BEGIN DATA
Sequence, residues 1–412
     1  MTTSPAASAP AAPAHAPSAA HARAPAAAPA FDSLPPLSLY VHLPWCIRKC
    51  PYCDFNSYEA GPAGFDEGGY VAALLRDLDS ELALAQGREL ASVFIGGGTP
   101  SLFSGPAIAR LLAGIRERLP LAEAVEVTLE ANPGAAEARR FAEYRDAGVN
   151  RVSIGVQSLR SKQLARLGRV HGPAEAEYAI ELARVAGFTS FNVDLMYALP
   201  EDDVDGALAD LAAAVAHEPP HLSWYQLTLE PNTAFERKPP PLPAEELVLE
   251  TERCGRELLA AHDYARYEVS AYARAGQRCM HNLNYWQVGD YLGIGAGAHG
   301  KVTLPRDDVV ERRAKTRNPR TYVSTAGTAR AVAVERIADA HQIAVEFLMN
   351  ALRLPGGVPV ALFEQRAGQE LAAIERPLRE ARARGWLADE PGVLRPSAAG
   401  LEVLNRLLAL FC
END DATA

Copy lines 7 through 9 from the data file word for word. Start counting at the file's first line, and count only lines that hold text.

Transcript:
   251  TERCGRELLA AHDYARYEVS AYARAGQRCM HNLNYWQVGD YLGIGAGAHG
   301  KVTLPRDDVV ERRAKTRNPR TYVSTAGTAR AVAVERIADA HQIAVEFLMN
   351  ALRLPGGVPV ALFEQRAGQE LAAIERPLRE ARARGWLADE PGVLRPSAAG